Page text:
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Drunks watch on as baby born in car

PUBLISHED: 16:00 04 May 2010 | UPDATED: 10:14 02 July 2010

Ian and Susie Thompson with children James, Charlie and baby Alexander, who arrived so quickly they didn't get to the hospital on time.

Ian and Susie Thompson with children James, Charlie and baby Alexander, who arrived so quickly they didn't get to the hospital on time.

Kim Briscoe

A former Norwich man now living in Bermuda told today how he helped to deliver his third son in the family car while stopped in the busiest street on the island.

A former Norwich man now living in Bermuda told today how he helped to deliver his third son in the family car while stopped in the busiest street on the island.

Ian Thompson, a former Norwich School pupil and a dedicated Norwich City Football Club fan, and his wife Susie were on the way to hospital in the island's capital Hamilton when baby Alexander decided to arrive.

The tot weighed in at 6 lbs 13oz at 3.10am in the back of their silver Peugeot, as stunned late-night revellers wandered past.

Mr Thompson, 38, told the Evening News today: “It was a pretty amazing experience - although absolutely terrifying to deliver your son on the back seat on Bermuda's busiest street on a Saturday evening while people spilling out of the bars offered advice.

“Now we have calmed down it seems a privilege, although not necessarily something my wife and I are looking to repeat.”

Mrs Thompson, also 38, started having contractions at the family home in Pembroke at about 6pm on Saturday, April 10.

The couple left their two sons - James, six, and Charlie, three - with friends and went to the hospital at about 1am on Sunday.

A check revealed that Mrs Thompson was not dilated and she was advised to go home and rest. She did but several painful contractions soon convinced her to head back to hospital.

Mr Thompson, a senior vice president for Hiscox insurance company, said: “The baby came so quickly I can't remember too much. My wife said pull over, which I took to mean another contraction, then she said the baby's coming.

“From stopping the car, to having the baby in my hands was then about 10 seconds, so there wasn't much time for either of us to think.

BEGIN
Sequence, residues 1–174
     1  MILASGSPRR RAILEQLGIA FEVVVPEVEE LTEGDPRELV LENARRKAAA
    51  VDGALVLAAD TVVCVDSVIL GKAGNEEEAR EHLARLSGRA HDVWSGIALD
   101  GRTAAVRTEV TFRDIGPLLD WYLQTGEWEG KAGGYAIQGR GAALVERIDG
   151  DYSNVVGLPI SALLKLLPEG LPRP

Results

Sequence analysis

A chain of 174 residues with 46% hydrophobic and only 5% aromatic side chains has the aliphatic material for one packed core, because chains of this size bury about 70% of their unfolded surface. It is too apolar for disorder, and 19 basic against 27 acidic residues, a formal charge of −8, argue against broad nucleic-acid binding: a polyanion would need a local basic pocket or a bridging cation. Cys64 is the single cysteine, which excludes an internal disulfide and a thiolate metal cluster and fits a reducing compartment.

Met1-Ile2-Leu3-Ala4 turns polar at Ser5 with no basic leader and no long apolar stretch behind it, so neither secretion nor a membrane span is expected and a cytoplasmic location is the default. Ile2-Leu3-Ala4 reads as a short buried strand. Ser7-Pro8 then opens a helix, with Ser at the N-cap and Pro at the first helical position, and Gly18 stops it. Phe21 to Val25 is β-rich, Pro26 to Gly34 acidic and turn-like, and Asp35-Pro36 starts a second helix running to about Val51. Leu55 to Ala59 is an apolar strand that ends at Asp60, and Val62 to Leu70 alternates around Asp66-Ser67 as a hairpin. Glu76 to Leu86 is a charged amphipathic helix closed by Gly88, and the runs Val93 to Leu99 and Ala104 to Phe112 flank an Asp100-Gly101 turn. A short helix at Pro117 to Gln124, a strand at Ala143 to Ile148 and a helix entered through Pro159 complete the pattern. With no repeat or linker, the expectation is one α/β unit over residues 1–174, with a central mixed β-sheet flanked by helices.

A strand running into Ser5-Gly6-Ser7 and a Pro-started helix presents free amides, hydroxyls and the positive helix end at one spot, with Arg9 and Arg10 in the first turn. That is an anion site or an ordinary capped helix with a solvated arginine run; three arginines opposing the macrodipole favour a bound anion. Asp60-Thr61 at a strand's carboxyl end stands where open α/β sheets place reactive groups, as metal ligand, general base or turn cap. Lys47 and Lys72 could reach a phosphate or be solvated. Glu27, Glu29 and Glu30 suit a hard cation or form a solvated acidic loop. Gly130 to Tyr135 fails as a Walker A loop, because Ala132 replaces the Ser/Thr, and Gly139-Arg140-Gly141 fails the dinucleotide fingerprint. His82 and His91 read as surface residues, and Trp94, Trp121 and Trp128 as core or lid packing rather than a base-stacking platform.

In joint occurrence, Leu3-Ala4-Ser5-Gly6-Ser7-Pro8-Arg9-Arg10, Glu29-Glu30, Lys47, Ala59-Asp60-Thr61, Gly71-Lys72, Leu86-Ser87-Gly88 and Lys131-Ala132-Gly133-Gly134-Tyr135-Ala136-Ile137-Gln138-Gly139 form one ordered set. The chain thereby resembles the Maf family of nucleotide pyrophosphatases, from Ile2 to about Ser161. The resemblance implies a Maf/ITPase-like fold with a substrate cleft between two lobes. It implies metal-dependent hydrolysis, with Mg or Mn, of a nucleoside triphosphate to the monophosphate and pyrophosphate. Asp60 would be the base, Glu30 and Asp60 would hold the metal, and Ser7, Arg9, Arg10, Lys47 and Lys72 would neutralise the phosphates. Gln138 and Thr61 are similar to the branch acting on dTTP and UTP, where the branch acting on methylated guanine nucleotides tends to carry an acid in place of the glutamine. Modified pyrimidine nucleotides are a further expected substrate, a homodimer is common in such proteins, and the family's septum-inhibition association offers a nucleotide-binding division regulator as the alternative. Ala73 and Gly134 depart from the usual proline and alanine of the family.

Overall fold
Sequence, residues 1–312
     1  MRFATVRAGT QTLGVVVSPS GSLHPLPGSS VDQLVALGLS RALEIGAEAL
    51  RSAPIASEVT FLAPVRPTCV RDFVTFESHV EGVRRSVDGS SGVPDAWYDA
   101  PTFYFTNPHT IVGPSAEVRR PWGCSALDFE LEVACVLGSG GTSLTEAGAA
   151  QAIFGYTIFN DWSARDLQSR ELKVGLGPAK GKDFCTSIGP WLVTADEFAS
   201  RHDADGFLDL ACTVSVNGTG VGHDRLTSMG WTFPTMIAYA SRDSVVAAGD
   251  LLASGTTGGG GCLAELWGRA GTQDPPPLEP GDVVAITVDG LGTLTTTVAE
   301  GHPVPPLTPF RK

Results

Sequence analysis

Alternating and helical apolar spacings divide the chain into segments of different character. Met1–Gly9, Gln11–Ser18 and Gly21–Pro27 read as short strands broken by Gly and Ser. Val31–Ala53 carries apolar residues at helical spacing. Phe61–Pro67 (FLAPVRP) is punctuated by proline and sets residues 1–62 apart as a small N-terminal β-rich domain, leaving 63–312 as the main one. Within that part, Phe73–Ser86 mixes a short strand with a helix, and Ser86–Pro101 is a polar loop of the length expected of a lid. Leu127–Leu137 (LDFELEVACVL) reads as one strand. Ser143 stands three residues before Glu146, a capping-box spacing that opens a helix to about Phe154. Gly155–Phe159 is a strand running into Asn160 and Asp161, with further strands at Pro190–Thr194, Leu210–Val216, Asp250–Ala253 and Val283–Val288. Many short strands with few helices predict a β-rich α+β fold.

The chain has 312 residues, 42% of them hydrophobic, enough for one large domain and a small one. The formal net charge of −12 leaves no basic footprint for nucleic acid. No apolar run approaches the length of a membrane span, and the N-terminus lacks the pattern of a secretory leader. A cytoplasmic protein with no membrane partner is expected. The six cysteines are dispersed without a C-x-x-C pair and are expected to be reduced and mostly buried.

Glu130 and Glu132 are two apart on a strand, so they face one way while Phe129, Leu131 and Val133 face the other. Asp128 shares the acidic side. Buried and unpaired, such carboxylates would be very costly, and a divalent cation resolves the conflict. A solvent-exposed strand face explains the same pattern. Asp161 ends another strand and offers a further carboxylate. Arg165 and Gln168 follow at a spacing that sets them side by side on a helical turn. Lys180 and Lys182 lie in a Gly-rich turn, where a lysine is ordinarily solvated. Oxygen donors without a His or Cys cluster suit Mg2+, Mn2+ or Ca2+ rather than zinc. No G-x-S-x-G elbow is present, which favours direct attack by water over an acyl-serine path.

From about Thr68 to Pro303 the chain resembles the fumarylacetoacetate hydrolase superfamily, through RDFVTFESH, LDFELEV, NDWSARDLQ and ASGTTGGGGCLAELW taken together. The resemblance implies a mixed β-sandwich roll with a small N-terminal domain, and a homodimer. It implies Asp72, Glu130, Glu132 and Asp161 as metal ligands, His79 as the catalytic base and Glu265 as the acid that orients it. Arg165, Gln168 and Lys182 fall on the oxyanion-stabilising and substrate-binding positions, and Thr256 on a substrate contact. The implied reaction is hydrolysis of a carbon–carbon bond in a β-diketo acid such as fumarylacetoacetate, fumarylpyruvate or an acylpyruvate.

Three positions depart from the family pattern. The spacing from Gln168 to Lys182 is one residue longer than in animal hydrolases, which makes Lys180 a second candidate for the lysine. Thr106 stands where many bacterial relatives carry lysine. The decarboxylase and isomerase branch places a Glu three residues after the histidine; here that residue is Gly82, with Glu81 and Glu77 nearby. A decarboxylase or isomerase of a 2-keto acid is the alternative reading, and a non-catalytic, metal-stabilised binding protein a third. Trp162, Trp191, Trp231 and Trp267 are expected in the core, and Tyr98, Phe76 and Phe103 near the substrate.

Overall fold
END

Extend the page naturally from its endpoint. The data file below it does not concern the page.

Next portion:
“It wasn't until I saw Alex at the hospital in an incubator that I really felt it was all okay.

“It was a bit of a panic- because it was 3am and the bars and clubs had just emptied, it was packed with people and police, so within seconds there was a pretty big crowd. The passers-by were unbelievably helpful, but mostly drunk, so it wasn't really the sort of help we needed.”

Mr Thompson, who worked in the City in London for 15 years, said he jumped at the chance to move to Bermuda when he was headhunted in 2006 and he now has more time to spend with his children.

He runs the Bermuda Canaries group and is still a season ticket holder in the Jarrold Stand and tries to get back for as many games as he can.

He said that unfortunately he would not be able to make the Carlisle game, the club's final match of the season, but hopes to celebrate with the other six members of the Bermuda Canaries by having a couple of drinks and listening to the Radio Norfolk commentary.

Mr Thompson, who grew up in Drayton and whose father David and step-mother Jane still live there, said: “I'm pleased we are back in the Championship, and playing Ipswich again. That said we are still looking at trips to Doncaster, Scunthorpe and Barnsley which doesn't seem much of a reward, but it's obviously great news and I hope we can push on.”

Do you have a quirky story for the Evening News? Contact reporter Kim Briscoe on 01603 772419 or email kim.briscoe@archant.co.uk.

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